It was only three years ago when I toured Fox Studios in Hollywood just after they converted most of their editing stations from Avid to FCP. There were their Emmy award winning editors complaining because they didn’t know how to use FCP. Change comes tough for everyone especially those who have been cashing in on the goose with the golden egg. But just as a reminder to all the hotshots, people make big dollars because they are fast at doing something few others know how to do. Now is the window of opportunity to teach and use the newest greatest and latest.

    I believe when all the other loyal Apple fans think about it they will recognize that Apple prides itself on being cutting edge. It is impossible to believe that they didn’t have their check list of previous features and decided to hurt the professional industry. They just weren’t ready but needed a fresh supply of blood: U.S. dollars. The give away price point makes everyone a beta tester. I seriously doubt that 90% of the people would have complained if Apple called the program iMovie Pro. Its all about expectations and fear. Granted, Apple didn’t take a needed review course in 101 psychology for dummies. But lets face it look at all the talk and press this release is getting and it is not going to stop for a very long time: that equals more opportunity.

    It is only a matter of time before Apple finishes what it started in this new release and again blows its horn as the best program with the best features at the best price. Clearly getting consumer dollars must be their strongest motivation by splitting the package. I am sure they did a statistical study and found that few users ever did more than open the other programs so split the program to stimulate dollars with a lower price and maximize the new generation of editors, tomorrow’s market. Still, I do hope that they are as smart as those that put together Maya who bought out the best related software and made one monster state of the art program that is so deep that I have never heard anyone mastering all its features. Consumer buying habits prefer one stop shopping at lower prices.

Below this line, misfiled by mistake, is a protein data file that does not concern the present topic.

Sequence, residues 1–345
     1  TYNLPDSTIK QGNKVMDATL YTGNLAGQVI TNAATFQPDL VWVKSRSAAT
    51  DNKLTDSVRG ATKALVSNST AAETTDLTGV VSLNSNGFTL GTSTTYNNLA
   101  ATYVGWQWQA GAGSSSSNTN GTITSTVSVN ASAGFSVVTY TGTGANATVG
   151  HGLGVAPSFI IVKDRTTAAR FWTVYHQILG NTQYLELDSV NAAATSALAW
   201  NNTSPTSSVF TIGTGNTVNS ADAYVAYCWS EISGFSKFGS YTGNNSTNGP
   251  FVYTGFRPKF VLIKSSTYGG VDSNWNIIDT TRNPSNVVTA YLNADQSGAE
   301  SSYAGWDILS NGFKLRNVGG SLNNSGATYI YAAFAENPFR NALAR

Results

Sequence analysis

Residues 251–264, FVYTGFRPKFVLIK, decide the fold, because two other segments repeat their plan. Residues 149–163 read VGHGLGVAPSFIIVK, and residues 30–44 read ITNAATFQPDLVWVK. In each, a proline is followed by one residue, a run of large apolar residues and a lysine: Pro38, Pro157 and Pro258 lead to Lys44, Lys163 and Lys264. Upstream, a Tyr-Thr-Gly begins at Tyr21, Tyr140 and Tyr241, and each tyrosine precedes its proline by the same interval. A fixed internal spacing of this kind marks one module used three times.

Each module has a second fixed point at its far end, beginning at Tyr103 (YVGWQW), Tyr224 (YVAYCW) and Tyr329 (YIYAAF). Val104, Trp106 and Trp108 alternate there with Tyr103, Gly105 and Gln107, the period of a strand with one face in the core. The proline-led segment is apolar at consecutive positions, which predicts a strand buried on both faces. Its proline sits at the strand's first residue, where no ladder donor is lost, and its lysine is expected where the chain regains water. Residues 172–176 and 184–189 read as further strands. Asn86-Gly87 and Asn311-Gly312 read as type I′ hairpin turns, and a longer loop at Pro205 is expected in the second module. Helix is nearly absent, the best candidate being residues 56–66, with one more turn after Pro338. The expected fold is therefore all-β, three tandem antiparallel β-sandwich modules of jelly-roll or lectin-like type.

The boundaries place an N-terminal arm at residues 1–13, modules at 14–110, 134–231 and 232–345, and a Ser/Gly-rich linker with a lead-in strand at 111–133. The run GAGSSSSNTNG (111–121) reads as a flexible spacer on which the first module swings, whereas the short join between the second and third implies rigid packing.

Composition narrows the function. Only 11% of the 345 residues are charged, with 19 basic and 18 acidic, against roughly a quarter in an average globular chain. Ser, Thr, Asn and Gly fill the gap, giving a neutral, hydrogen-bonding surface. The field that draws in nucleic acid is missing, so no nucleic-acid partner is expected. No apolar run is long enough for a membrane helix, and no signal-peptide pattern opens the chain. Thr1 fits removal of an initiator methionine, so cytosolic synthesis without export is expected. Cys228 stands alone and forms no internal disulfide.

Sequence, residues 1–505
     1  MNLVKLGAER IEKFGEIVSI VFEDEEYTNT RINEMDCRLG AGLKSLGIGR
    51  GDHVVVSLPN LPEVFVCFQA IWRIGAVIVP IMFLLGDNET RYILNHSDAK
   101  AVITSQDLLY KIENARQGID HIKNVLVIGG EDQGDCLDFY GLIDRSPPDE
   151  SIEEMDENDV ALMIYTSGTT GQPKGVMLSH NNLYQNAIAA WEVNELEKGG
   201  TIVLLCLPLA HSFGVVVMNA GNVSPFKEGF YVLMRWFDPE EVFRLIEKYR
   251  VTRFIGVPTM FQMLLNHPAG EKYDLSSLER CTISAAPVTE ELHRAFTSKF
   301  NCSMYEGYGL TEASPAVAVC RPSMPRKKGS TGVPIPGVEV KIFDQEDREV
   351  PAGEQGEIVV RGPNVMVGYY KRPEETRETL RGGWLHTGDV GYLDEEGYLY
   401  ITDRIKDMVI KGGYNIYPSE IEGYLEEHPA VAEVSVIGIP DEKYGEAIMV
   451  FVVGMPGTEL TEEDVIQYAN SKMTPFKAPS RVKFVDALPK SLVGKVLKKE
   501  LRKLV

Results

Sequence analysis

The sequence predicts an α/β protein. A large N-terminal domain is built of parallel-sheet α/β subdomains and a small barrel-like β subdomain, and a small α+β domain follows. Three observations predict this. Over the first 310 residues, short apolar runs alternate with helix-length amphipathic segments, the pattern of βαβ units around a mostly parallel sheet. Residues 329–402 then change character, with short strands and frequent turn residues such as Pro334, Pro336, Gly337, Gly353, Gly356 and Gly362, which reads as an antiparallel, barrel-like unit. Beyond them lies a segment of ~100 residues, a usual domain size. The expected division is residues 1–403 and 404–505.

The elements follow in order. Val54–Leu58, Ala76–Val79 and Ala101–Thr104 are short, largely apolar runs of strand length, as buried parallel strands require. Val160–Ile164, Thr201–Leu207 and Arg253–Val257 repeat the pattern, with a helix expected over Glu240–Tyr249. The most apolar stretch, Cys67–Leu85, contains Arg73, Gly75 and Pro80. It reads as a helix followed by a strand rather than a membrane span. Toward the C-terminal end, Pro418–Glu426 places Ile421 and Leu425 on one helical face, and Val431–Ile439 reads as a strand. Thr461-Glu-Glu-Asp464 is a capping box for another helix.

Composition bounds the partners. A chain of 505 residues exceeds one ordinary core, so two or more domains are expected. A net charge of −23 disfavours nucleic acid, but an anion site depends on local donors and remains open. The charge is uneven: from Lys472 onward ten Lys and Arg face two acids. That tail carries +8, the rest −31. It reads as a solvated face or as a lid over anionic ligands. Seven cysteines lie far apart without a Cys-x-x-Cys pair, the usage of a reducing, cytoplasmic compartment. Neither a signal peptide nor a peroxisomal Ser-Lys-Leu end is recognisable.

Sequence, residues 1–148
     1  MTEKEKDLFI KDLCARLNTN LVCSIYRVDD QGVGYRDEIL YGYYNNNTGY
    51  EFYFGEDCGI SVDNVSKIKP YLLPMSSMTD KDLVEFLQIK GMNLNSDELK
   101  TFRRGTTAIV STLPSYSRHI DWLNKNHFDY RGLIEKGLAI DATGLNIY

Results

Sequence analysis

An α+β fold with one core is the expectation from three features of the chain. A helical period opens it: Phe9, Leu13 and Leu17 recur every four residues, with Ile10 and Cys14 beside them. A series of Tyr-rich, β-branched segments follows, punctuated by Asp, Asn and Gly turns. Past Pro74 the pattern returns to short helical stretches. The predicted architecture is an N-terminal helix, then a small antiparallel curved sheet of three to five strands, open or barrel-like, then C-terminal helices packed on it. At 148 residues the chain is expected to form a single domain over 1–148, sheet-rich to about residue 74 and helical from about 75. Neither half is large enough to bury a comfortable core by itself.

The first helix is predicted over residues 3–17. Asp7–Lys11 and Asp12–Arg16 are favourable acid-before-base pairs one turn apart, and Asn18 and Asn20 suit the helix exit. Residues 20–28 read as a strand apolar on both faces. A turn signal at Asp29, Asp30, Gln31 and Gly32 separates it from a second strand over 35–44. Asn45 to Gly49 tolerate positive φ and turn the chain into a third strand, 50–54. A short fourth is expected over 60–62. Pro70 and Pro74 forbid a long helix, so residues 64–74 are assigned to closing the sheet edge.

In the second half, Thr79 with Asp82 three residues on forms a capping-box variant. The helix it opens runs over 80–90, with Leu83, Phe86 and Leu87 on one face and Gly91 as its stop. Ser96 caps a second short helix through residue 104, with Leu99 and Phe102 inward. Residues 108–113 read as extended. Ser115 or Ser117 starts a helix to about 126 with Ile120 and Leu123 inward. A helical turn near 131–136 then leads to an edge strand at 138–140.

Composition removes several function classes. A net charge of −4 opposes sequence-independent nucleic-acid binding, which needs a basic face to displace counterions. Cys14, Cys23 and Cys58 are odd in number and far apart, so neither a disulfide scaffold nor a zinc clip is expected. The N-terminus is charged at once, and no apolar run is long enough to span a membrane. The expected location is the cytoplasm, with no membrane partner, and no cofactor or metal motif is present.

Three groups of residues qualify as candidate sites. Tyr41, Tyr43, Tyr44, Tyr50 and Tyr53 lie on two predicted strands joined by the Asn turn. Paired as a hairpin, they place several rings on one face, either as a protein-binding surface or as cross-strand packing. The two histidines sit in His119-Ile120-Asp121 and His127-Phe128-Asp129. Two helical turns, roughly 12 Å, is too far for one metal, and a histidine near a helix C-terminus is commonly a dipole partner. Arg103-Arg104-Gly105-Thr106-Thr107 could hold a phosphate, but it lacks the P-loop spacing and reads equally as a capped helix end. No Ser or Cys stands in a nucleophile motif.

Adapting to this new program sort of makes me think its emotionally like going back to using maps after being dependent on GPS. There is nothing like being lost to give you an opportunity to really find your way around the new program because you are forced to learn!

    A little knowledge and understanding goes a long way. Thanks to you I’ve calmed down from the knee jerk initial panic. Everything is going to be alright!

    Thank you for your support for everyone who writes,


  3. Nivardo Cavalcante says:

    Hi Larry,

    We do not want to relearn how to edit, we want to keep working and keep our families with our work. Apple has betrayed us. Whenever we ask is that improved FCP 7 will not have him killed.

  4. David Stacy says:

    Larry and fellow readers,